§ Mrs. Currie
Funding of the public health laboratory service by this Department has increased from £22 million in 1982–83 to £29 million in 1986–87. In real terms, at 1986–87 prices, this represents an increase of £2 million between 1982–83 and 1986–87. The Department has
Benefit Additional Withdrawn Financial impact on disabled (1) Industrial injury benefit — April 1983 Broadly neutral, because the money saved (£5 million in 1983–84) was used to pay industrial disablement benefit earlier and to waive the contribution conditions for sickness benefit and invalidity benefit payable to those incapacitated by industrial disablement. (2) War pensioners vehicle scheme — November 1983 Replaced by war pensioners mobility supplement. (3) War pensioners mobility supplement November 1983 — Replaced war pensioners vehicle scheme. Increased spending on mobility for war disabled (£0.2 million in 1983–84). (4) Non-contributory invalidity pension — November 1984 Replaced by severe disablement allowance payable at the same rate. (5) Severe disablement allowance November 1984 — Replaced non-contributory invalidity pension. (6) Special hardship allowance — October 1986 Replaced by reduced earnings allowance payable at the same rate. (7) Reduced earnings allowance October 1986 — Replaced special hardship allowance.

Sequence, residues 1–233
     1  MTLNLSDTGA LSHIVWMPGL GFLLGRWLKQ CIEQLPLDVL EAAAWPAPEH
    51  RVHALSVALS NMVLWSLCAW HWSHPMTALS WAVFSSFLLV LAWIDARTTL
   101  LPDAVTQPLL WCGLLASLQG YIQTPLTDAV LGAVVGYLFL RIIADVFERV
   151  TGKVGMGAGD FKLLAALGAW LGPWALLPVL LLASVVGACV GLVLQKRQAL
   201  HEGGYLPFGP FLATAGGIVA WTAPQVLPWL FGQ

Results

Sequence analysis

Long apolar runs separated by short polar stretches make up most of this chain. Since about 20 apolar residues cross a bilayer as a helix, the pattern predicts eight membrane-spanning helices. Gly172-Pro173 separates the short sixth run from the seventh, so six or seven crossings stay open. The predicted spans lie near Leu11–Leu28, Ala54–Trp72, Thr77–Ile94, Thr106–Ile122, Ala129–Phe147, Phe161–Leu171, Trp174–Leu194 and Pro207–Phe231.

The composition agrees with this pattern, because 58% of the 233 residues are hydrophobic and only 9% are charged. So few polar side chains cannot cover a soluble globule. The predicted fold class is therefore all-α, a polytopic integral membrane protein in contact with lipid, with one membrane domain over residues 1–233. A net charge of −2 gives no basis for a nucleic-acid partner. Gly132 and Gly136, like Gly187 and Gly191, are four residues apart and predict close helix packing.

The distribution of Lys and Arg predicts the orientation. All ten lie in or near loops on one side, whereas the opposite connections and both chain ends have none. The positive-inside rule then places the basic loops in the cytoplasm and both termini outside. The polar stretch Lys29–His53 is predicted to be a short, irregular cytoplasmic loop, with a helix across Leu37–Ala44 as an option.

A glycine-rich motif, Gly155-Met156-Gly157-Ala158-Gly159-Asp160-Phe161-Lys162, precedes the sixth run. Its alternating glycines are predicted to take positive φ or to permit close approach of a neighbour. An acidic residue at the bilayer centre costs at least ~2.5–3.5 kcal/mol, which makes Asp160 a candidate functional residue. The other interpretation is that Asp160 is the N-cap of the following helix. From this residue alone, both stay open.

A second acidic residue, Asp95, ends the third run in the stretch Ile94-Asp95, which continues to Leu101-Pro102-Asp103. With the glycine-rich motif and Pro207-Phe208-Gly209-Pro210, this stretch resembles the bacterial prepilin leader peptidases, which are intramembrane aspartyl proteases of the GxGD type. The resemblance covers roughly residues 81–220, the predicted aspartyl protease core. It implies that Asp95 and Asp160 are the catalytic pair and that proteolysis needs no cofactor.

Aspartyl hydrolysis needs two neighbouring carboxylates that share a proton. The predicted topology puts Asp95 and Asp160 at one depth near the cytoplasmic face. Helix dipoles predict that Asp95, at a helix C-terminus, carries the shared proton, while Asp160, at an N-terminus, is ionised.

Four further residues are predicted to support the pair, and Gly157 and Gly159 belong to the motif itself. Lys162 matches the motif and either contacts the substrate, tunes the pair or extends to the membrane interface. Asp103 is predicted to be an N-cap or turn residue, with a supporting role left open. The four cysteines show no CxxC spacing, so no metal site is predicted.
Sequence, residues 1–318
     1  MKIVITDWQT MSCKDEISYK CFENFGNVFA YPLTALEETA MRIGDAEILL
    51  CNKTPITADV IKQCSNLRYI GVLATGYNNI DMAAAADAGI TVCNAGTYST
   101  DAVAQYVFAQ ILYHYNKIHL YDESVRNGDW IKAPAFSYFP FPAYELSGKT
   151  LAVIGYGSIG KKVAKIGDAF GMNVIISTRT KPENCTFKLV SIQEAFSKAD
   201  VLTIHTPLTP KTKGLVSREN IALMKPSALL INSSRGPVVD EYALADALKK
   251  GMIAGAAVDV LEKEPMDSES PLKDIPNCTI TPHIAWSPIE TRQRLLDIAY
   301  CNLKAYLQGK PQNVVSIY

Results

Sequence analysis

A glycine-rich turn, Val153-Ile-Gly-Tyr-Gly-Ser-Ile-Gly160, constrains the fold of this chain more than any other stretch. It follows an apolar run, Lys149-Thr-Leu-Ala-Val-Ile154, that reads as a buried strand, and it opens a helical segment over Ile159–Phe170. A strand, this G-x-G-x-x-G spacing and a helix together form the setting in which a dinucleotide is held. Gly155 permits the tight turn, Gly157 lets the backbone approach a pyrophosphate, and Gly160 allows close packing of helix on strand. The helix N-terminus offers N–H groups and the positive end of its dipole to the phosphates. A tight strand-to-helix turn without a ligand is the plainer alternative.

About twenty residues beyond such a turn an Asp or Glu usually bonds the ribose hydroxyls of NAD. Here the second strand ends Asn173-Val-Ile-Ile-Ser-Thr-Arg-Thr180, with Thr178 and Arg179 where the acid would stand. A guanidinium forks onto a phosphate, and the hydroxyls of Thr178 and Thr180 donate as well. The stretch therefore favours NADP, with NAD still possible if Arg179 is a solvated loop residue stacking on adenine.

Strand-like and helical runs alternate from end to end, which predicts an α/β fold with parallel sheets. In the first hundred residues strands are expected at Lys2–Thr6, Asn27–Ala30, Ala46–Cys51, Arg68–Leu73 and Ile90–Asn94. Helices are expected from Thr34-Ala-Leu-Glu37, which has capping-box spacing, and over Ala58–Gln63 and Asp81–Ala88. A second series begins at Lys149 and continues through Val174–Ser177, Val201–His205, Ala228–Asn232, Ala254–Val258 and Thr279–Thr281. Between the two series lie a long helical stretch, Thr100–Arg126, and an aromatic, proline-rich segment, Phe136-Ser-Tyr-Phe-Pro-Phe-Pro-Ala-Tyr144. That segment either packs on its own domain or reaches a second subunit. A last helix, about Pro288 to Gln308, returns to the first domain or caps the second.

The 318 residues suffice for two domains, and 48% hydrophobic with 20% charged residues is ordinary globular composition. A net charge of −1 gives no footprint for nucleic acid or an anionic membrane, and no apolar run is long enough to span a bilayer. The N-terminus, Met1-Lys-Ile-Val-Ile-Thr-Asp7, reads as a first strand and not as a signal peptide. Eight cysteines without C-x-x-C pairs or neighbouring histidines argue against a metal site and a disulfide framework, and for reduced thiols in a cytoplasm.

§ Mr. Wigley
asked the Secretary of State for Social Services how much of the additional public expenditure announced in the Chancellor's recent autumn statement will be for the direct and specific benefit of disabled people.352W
provided the public health laboratory service with an additional £740,000 per annum since 1985–86 for work on AIDS, mainly diagnostic testing. In addition the service has funded other AIDS related work costing some £500,000 from its existing resources.
The future funding of the public health laboratory service is under consideration; no decisions have yet been taken.
§ Mr. Meacher
asked the Secretary of State for Social Services what is the level of current expenditure and in each of the last four years on, respectively, research into an acquired immune deficiency syndrome cure or vaccine, screening of persons for acquired immune deficiency syndrome antibodies, advice on counselling for acquired immune deficiency syndrome victims, national publicity for a public health education programme, regional publicity, support for voluntary bodies combating acquired immune deficiency syndrome and clinical care, including hospices, for acquired immune deficiency syndrome victims; and how much is now planned for each of the next three years.